Feeling lonely can increase the risk of Alzheimer's in later life, a study suggests.
Researchers who found the link drew a distinction between being alone and loneliness.
The Amsterdam Study of the Elderly (Amstel) looked at risk factors for depression, dementia and high death rates among 2,000 men and women aged 65 and older.
Participants who felt lonely were more than twice as likely to develop Alzheimer's and other forms of dementia as those who did not.
When influential factors including mental and physical health were taken into account, loneliness was still associated with a 64pc increased risk of the disease.
But other aspects of social isolation, such as living alone and being widowed, had no impact.
At the start of the Dutch study, 46pc of participants were living alone and half were single or no longer married. About one-fifth said they felt lonely.
The findings were reported in the 'Journal of Neurology, Neurosurgery & Psychiatry'.
The authors, led by Dr Tjalling Jan Holwerda from VU University Medical Centre in Amsterdam, wrote: "These results suggest that feelings of loneliness independently contribute to the risk of dementia in later life.
"Interestingly, the fact that 'feeling lonely' rather than 'being alone' was associated with dementia onset suggests that it is not the objective situation, but, rather, the perceived absence of social attachments that increases the risk."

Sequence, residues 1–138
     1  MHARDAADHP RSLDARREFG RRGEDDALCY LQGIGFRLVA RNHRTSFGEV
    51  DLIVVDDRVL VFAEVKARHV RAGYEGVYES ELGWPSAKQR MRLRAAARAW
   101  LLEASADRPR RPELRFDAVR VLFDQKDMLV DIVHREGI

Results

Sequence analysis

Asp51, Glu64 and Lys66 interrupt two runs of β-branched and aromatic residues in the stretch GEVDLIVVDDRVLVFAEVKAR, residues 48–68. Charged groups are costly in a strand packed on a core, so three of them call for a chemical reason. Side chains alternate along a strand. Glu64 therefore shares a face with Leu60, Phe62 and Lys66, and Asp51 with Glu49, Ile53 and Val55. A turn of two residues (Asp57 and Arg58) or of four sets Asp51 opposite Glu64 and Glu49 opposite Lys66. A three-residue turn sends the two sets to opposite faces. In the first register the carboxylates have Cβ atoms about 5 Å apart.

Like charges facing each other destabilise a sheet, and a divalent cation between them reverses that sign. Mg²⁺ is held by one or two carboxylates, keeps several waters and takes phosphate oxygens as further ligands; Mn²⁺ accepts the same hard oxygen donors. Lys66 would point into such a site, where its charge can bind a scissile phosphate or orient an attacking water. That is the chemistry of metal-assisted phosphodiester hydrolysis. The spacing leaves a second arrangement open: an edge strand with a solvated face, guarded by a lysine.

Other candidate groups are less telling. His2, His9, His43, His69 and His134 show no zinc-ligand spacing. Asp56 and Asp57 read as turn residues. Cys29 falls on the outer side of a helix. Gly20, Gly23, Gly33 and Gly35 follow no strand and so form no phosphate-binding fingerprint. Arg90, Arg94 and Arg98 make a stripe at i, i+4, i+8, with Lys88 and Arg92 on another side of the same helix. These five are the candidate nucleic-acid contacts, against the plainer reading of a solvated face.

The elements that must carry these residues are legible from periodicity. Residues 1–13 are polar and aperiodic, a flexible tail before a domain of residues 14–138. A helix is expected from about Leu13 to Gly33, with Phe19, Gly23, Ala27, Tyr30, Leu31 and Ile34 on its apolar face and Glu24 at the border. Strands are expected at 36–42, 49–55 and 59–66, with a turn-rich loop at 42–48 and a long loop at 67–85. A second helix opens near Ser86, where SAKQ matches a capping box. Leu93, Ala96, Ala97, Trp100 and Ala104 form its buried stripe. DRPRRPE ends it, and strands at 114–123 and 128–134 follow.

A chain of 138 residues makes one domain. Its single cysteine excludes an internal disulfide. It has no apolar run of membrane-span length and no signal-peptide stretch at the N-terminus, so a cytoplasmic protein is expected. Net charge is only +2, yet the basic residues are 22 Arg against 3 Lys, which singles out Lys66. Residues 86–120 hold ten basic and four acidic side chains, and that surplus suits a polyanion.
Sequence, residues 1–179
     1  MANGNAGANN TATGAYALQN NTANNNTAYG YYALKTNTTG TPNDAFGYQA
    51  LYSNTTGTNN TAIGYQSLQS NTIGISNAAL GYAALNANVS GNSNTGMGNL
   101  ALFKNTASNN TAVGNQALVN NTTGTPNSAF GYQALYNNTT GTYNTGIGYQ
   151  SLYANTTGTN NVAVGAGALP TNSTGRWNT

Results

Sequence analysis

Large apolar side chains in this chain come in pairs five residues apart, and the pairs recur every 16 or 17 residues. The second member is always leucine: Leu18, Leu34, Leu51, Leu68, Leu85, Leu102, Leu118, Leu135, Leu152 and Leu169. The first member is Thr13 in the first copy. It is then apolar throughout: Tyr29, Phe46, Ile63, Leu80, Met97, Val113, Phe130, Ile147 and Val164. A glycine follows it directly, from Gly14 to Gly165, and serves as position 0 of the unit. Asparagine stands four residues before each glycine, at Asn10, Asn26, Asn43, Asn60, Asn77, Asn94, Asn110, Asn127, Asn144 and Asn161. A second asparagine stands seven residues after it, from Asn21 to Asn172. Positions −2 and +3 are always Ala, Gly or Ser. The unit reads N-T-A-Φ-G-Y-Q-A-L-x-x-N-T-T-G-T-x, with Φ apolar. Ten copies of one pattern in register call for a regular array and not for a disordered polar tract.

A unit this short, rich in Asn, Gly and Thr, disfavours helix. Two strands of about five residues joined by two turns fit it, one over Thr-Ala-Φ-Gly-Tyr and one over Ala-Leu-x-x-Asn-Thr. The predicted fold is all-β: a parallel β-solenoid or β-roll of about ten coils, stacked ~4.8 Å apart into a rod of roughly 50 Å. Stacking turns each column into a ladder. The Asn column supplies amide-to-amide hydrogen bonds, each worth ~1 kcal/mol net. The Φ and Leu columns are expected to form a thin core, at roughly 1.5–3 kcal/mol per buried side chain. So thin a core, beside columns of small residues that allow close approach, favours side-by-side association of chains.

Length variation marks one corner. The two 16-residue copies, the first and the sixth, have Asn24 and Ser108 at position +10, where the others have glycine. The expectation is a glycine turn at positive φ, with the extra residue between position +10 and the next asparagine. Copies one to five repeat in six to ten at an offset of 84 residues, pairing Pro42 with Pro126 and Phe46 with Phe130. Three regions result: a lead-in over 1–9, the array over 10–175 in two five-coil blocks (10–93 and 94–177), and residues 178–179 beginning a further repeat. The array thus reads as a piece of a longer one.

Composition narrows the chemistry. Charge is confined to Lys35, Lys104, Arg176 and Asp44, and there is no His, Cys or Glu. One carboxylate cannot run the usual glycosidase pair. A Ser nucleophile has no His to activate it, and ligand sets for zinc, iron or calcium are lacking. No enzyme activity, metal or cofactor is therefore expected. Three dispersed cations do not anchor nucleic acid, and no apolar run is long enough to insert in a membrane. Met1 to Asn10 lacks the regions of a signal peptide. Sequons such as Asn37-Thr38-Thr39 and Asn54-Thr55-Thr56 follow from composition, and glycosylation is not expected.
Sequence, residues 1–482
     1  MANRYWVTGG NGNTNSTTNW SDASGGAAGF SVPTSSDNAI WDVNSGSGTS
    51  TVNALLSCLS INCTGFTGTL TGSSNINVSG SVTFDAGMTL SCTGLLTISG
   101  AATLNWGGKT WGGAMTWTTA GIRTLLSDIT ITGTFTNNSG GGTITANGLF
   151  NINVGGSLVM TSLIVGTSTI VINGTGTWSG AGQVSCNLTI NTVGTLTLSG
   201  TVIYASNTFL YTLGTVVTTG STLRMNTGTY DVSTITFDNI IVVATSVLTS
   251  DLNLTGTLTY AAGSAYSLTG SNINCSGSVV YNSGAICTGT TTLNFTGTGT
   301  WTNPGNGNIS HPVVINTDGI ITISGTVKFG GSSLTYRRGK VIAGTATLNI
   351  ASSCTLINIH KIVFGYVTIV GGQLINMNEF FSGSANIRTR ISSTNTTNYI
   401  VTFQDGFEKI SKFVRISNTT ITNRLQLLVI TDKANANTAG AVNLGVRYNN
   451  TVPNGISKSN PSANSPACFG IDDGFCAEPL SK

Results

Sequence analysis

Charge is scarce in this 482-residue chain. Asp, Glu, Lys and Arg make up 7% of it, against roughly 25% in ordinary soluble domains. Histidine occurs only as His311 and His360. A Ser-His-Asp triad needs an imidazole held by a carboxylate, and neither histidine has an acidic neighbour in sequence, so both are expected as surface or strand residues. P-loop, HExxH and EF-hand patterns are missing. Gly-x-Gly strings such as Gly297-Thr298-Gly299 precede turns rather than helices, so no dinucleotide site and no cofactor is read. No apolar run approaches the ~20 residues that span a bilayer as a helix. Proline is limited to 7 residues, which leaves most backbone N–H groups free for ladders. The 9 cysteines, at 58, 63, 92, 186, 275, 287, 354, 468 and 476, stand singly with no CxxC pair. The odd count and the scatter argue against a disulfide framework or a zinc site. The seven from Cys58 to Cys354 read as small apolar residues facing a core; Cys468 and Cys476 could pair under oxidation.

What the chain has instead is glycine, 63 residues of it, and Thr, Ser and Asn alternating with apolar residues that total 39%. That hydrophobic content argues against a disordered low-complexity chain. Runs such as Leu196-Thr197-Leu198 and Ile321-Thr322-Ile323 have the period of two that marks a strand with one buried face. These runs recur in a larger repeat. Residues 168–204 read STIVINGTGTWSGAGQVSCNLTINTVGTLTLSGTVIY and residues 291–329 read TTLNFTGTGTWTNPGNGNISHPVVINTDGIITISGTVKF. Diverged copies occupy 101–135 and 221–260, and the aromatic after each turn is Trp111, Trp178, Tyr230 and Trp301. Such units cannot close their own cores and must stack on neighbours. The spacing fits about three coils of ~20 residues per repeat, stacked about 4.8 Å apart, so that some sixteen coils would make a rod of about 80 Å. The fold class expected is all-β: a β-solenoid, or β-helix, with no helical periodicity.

The researchers speculated that loneliness may be an effect of early dementia rather than its cause.
"We hypothesise that feelings of loneliness may . . . be considered a manifestation of the deteriorating social skills that are seen as part of the personality change accompanying the process of dementia."
Another possibility was that loneliness signified extra sensitivity to distress, which is a known risk factor.
British expert Professor John Bond, from the University of Newcastle, said: "This is not the first paper to be published on this subject. However, this is a soundly conducted study and an important confirmation of the association."
Jessica Smith, research officer at the Alzheimer's Society, said: "More research is needed to determine whether it is a risk factor or, in fact, an early symptom. There is strong evidence to suggest that the best way to reduce your risk of dementia is by regularly exercising, eating a diet rich in fruit and vegetables and not smoking."